This summer at the Art School, artist Joey Chiarello teaches a new ceramics class: Build a Creature, which starts May 24.
We asked Joey to tell us a little about himself and his animal inspiration.

When Joey Chiarello was a little boy growing up in Colorado, his older sister tricked him into thinking he was part Japanese. He believed it long enough that a teacher finally had to call in his parents to break the news that their son was no longer identifying as white. Decades later, Joey’s inner demons still emerge in sculptural self-portraits styled after samurai, replete with sinister features from Asian mythology. Joey’s actual appearance is much different—he is lank, bearded, and smiles a lot. His earlobes sport holes from gauged earrings and his arms are illustrated with tattooed creatures—evidence of a self-sculpting past. This contrast between outer and inner image is evident  in Chiarello’s Pondering the Truth, a ceramic piece now on view at the Hawai’i State Art Museum.

'Pondering the Truth' by Joey Chiarello

‘Pondering the Truth’ by Joey Chiarello

“I made myself into a deity to work out some of my most current issues of growth, both spiritual and artistically,” Joey explains. “The demon armor represents my commitment to the acceptance of my personal demons. Therefore they become guardians and friends.”

His openness to inner conflict is somewhat new, and the result of “moving and melding with new art scenes,” which Joey says stems from jumps between his home in Colorado, to Hawai‘i, to Washington, and back to Hawai‘i.

More recently, Joey has studied with influential teachers such as Esther Shimazu and Sergei Isupov, who set him on his largely self-taught trajectory. He has learned to use his work to interrogate himself, as well as broader concepts of identity and place, such as when he applies Chinese zodiac signs and cherry-blossom decoration onto his ceramic sculptures of common pet species—like pugs.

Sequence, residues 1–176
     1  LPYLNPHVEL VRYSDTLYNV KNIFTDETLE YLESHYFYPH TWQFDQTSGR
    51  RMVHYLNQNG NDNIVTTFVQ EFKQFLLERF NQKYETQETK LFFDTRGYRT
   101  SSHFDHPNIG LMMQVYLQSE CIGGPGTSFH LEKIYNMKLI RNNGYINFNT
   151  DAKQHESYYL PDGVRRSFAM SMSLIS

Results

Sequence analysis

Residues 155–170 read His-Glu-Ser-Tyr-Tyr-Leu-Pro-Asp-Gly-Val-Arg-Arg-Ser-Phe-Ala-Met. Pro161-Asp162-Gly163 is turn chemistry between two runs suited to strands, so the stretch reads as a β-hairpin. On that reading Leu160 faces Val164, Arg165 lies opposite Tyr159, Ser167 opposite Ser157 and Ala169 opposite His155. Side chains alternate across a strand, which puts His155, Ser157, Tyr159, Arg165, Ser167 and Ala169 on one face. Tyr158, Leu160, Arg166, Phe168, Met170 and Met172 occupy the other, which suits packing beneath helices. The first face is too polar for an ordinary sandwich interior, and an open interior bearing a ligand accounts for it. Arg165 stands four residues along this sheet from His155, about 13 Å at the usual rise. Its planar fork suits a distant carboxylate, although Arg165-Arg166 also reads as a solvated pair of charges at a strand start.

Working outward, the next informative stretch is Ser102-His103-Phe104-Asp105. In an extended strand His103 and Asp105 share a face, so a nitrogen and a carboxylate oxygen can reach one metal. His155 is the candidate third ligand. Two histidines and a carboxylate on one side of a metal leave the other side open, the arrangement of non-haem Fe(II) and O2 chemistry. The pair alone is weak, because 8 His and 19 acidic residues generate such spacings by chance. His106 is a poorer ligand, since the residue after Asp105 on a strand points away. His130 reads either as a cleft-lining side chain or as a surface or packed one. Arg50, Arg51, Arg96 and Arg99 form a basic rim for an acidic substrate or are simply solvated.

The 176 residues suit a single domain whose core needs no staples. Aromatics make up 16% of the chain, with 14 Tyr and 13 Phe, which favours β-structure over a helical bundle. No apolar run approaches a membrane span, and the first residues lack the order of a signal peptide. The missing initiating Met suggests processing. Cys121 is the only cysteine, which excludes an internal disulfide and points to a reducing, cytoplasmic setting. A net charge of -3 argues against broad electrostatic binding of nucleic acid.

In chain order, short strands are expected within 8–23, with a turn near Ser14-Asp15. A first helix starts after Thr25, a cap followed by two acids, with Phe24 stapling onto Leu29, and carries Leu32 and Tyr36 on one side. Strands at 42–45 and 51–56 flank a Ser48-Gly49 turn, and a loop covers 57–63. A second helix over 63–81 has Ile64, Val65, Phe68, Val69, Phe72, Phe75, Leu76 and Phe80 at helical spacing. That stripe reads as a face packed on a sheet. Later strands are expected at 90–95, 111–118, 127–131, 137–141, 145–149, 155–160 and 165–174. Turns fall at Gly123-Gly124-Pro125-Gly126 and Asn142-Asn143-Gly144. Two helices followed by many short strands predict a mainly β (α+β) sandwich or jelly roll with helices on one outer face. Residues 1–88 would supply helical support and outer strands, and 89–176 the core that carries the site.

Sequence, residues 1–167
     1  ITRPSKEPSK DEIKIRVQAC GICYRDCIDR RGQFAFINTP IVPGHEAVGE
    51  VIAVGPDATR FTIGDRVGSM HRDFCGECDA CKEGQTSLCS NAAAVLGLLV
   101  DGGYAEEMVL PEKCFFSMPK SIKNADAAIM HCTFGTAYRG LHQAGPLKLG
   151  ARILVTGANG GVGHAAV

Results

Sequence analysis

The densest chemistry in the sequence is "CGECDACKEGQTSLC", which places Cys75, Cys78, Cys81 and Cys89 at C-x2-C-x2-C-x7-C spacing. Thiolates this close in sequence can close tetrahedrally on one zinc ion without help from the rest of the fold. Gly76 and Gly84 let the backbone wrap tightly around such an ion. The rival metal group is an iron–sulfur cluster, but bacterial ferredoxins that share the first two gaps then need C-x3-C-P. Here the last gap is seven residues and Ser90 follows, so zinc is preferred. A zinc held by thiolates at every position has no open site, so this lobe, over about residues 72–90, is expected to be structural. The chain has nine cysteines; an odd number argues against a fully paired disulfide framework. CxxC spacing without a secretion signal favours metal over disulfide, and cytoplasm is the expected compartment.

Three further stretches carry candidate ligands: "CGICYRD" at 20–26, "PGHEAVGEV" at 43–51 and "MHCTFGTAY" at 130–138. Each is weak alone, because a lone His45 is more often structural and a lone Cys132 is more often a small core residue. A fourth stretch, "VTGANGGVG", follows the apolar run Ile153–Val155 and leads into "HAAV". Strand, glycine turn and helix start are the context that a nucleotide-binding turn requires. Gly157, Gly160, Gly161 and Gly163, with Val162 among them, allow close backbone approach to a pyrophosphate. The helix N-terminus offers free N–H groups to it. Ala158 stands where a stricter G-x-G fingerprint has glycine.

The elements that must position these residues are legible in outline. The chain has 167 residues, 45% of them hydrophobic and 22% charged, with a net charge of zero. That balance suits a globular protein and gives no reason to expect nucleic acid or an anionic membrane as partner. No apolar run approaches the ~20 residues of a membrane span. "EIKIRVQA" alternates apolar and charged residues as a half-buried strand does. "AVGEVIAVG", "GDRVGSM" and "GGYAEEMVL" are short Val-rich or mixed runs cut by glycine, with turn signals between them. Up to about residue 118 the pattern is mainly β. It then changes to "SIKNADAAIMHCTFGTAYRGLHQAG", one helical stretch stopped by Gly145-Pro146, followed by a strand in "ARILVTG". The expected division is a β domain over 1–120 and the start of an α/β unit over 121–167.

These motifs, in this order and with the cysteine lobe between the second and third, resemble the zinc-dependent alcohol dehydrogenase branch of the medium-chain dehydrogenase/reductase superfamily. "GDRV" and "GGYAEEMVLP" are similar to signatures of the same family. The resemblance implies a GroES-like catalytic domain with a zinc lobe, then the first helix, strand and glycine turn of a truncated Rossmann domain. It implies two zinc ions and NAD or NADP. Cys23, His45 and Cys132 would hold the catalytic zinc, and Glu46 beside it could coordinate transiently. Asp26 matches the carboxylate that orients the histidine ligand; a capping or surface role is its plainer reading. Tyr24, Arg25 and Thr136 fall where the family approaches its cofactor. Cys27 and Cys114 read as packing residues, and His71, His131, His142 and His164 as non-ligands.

These snub-nosed animals were a guilty pleasure for Joey, during what might be called his “Dog Years” in Seattle. Stemming from a break-up and a desire to cheer the Northwest’s rained-in, technique-driven artists, whom Joey calls “my suffer-in-silence-sweethearts,” he found himself churning out ceramic dogs for shows and galleries between 2007 and 2010. They were stable forms during his difficult separation from his partner (with whom he is now happily reunited), plus he likes animals—“My childhood was spent in the mountains of Glenwood Springs,” says Chiarello. “I was always around wildlife and constantly inspired by all of them.”

That time of transition, external and internal, is exemplified in My Sweetest Friend (pictured with Joey above), the last dog Joey allowed himself to make, in 2011. At that point, the peak of the Dog Years, Joey suddenly felt giant jumping spider pieces leaping out of him, like the one that will be invading the Art School’s Nanogallery this fall. As he describes it, this shift forced him to reexamine his “spiritual path,” his “constant drive for introspection and discipline,” since “the technical and narrative aspects of each work are completely guided by my own spiritual growth and life lessons.”

One of Joey Chiarello's jumping spiders.

One of Joey Chiarello’s jumping spiders, going on view in the Art School’s Nanogallery this fall.

As the complexity of Joey’s path increases, so does his success. His ceramic sculpture of a tiger, titled simply Awareness, is included in the current exhibition Natural, Unnatural, Supernatural. Works like that involve up to a five-step process, that can include slabbing, multiphase sculpting, multiple firings, glazings, and adding real animal whiskers. Pugs and other smaller pets and monsters, can be done in two steps. And even within that simple split, between creating the clay figure and adding the glazes, Joey finds that the most basic works become “ripe with narration to bring light to our egos within.”

Inspired to take build a creature with Joey? Register online.